Looting Matters: Antiquities and the Invasion of Kuwait

Looting Matters: Antiquities and the Invasion of Kuwait
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Published August 16th, 2010 - 08:51 GMT

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Kuwait
,
Baghdad
,
David Gill
,
United Nations
,
Iraqi Ministry of Culture

David Gill, archaeologist, reflects on the fate of antiquities in the Kuwait National Museum during the 1990 invasion by Iraq. Professor Donny George, the former Director-General of the National Museum in Baghdad, Iraq has released a statement through "Looting Matters" about his role after the invasion of Kuwait. This personal account sheds some light into what was happening in Kuwait immediately after the occupation.

George states that in the build-up to the invasion of Kuwait preparations had been made to evacuate the contents of the Baghdad Museum in the event of hostilities extending to Iraq. The Iraqi Ministry of Culture ordered the Baghdad museum officials to evacuate antiquities from the Kuwait National Museum as it was anticipated that Kuwait City would be in the line of future fighting.

This action was in keeping with the 1954 Hague Convention for the Protection of Cultural Property in the Event of Armed Conflict of which Iraq had been an original signatory state. This convention had been put in place after the massive destruction of historically important sites during the Second World War. The Hague Convention allows for the "adoption of peacetime safeguarding measures such as the preparation of inventories, the planning of emergency measures for protection against fire or structural collapse, the preparation for the removal of movable cultural property or the provision for adequate in situ protection of such property, and the designation of competent authorities responsible for the safeguarding of cultural property". A second protocol had been signed in 1999, though not by Iraq.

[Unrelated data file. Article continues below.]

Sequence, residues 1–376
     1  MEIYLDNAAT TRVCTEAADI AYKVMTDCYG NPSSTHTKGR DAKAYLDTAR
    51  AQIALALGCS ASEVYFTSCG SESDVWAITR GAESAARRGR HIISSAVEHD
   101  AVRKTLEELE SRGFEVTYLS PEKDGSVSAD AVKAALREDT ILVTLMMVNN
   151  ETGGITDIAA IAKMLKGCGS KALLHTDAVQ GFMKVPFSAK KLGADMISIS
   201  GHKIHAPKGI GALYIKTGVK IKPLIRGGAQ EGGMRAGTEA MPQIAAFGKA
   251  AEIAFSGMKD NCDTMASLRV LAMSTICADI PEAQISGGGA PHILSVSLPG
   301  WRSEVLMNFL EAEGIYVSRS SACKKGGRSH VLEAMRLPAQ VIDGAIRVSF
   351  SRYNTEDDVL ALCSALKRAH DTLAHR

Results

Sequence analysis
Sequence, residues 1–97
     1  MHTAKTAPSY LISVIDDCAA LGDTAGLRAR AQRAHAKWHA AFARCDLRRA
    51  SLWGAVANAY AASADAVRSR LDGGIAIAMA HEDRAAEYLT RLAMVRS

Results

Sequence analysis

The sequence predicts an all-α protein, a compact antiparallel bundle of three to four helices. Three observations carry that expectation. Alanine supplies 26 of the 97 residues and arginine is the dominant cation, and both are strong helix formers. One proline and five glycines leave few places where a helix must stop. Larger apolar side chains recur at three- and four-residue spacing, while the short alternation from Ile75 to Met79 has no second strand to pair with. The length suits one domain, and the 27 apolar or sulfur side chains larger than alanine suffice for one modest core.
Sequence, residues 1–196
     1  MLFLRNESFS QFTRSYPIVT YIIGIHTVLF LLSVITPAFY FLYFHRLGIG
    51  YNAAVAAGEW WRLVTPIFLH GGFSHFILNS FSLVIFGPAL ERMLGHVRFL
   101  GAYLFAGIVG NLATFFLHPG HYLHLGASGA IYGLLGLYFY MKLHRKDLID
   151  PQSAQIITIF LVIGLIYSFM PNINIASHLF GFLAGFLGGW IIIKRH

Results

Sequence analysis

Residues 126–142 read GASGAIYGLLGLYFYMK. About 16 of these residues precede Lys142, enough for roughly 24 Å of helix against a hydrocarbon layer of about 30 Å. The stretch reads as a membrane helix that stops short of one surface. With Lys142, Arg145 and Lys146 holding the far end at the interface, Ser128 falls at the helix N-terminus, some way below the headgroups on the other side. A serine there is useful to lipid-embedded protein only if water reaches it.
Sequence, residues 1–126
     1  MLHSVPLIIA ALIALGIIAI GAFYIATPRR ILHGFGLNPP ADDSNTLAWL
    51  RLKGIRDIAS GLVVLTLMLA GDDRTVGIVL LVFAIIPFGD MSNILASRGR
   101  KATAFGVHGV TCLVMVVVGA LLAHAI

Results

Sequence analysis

Donny George was part of a team that made a video record of the contents of the Kuwait National Museum as well as the Islamic collections held in the Dar al-Athar al-Islamiyyah. In addition, an inventory of 25,000 items in the collections was made. A copy of the video was handed to the United Nations. The contents of the museums were then taken to Baghdad and placed in secure locations around Iraq.

At the end of the First Gulf War the Kuwaiti antiquities were handed over at the Baghdad Museum in the presence of UN observers. These items are reported to have been checked against the original lists.

Following the Second Gulf War in 2003, Donny George's own National Museum in Baghdad was ransacked and much of its holdings were dispersed. 

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